In The Footsteps of Isabella Bird

The lost documentary

Part Eighteen: Heavenly Peace

IN THE FOOTSTEPS OF ISABELLA BIRD

BLOG 18 - HEAVENLY PEACE

teluk

If you head up the Teluk River nowadays you will find a rather grubby wasteland darkened by a mix of charcoal factories and boat building enterprises. It is probably not too dissimilar to what Isabella found when she arrived here.

She said,
“We reached Teluk Kartang with a pier, a long shed, two or three huts, and some officialism, white and partly white, all in a dismal swamp.”

She then followed the Larut River into the town called Tai Ping. This place used to be called Larut. A mere five years before, in 1874, it had been the site of the disastrously bloody conflict between the Hai San and the Ghi Hing Chinese societies. They fought vicious wars over tin, gambling and girls, but of course by the time Isabella visited the town, it was supposed to be safe and peaceful. In fact its name, Tai Ping is Chinese for Heavenly Peace.

“The first thing I heard when arriving here,” Isabella wrote, “was that a Chinese gang had waylaid a revenue officer in one of the narrow creeks, and that his hacked and mutilated body had drifted down to Permatang this morning.”

ngahhouse

One of the sites that Isabella saw that can still be seen today is Ngah Ibrahim’s house. When she arrived, Ngah Ibrahim had already been banished to the Seychelles along with Sultan Abdullah and his family. And if you are going to be banished somewhere, the Seychelles is probably not such a bad place. Ngah Ibrahim’s family however were left behind to fend for themselves.

Isabella wrote,
“There were two very large two storied Malay houses in some disrepair, in which the wife of the banished Mentri of Larut lives, with a number of slaves.”

One assumes that these were the only two houses that had been left standing after the wars had burnt everything else down leaving as many as three thousand dead. Taiping had not seen much heavenly peace.

speedy

Captain Speedy in Abyssinian dress.


Larut had been renamed Taiping by an exotic British adventurer with the comic book name of Captain Speedy. After some hair-raising adventures in Ethiopia, Captain Speedy had settled down as Police Chief in Penang. But he found that too dull, and not very lucrative.

Ngah Ibrahim, the Mentri, i.e. Chief Minister, of Larut had been desperate to regain some semblance of control, so he offered the then famous Captain Speedy a third of the revenues on top of his £15,000 per annum salary if he could restore order. Speedy promptly went off to Calcutta and recruited a bunch of Punjabis and Pathans, and bought a supply of guns from the German arms dealer, Krupp.

Thus Larut gained an Englishman, well sort of. His father was born in Dublin but the distinction was probably lost on anyone in those days. Kipling wrote of Larut in a short story saying of its sparse "English" inhabitants:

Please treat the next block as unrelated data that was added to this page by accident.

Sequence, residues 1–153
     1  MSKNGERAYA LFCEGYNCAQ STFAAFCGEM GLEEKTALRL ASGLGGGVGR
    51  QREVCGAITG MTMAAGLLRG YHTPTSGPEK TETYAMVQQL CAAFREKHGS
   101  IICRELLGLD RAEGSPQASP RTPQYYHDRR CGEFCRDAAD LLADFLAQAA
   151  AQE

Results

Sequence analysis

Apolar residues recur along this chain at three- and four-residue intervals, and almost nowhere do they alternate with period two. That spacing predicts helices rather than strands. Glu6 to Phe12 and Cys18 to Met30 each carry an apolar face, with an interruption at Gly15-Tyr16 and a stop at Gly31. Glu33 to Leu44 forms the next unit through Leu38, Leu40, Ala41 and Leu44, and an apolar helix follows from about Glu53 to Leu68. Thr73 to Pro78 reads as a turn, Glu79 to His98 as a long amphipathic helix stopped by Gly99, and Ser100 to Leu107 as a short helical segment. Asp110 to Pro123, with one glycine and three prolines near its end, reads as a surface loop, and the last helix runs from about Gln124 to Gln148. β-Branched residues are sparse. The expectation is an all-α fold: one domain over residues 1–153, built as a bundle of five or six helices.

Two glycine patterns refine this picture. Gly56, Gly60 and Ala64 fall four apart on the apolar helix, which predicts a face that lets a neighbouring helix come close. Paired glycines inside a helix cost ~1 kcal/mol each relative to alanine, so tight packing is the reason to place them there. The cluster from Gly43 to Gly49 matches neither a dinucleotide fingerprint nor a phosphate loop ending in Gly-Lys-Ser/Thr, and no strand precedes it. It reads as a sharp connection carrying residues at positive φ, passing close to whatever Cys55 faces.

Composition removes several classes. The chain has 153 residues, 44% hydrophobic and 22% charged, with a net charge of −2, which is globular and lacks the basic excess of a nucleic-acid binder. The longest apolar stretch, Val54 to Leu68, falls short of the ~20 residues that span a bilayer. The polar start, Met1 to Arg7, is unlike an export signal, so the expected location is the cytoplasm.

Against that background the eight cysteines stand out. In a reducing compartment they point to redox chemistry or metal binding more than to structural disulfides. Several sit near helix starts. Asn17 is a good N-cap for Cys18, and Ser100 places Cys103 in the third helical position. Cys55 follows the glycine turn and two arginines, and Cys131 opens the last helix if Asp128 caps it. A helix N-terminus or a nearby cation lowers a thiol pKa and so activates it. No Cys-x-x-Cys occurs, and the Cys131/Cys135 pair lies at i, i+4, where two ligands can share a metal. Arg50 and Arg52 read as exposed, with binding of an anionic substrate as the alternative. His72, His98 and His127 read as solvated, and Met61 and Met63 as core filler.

"Each man is a law to himself. Some drink whisky, and some drink brandipanee, and some drink cocktails—vara bad for the coats o’ the stomach is a cocktail—and some drink sangaree, so I have been credibly informed; but one and all they sweat like the packing of a piston-head on a fourrteen-days’ voyage with the screw racing half her time. But, as I was saying, the population o’ Larut was five all told of English—that is to say, Scotch—"

Captain Speedy’s enforcers soon restored order among the Chinese and Speedy, either despite or because of his eccentricities, gained the trust of Chinese.

But when the Pangkor Treaty was signed, Speedy returned to the British fold as they offered him the official position of British Resident in Larut. The pay of £1,500 per annum from the British Government was much lower than Ngah Ibrahim’s pay, but Ngah Ibrahim had failed to pay any of his salary beyond the initial outlay spent on recruiting his men and arming them.

speedymen

Captain Speedy and his men


The appointment though immediately drew criticism. Hugh Low, despite his close ties with the head of the Hai San, said he was too soft on the Chinese, especially the Chinese mercenaries that the Ghi Hing had hired. He called them, “most rude, conceited and ignorant, with no confidence in Europeans.” And he was horrified that Speedy treated them like gentlemen! Ngah Ibrahim also had his complaints. "I gave him pay," he complained, "and he worked under me, but see how he has treated me since!"
It seems Speedy let his new position go to his head. He now owned eighteen elephants and loved to parade around Taiping on an elephant in a rather princely manner, which drew a certain amount of criticism from his less ostentatious countrymen. He was similarly a princely host who unfortunately seemed to end up having severe arguments with his guests after dinner. He was also prone to telling what Frank Swettenham describes as "strange stories" of the explorations of Burton and Speke, as if he had actually been with them.

His bagpipe playing seems to have been the last straw. Frank Swettenham said, "His appearance and marching were impressive but the sounds he drew from the bag and pipes were merely discordant noises." Governor William Jervois said of him: “Captain Speedy is altogether an inferior order of being. He has apparently a delight in dressing himself in a gorgeous leopard skin, with a grand turban on his head, and still further exciting the curiosity of the natives by playing on the bagpipes."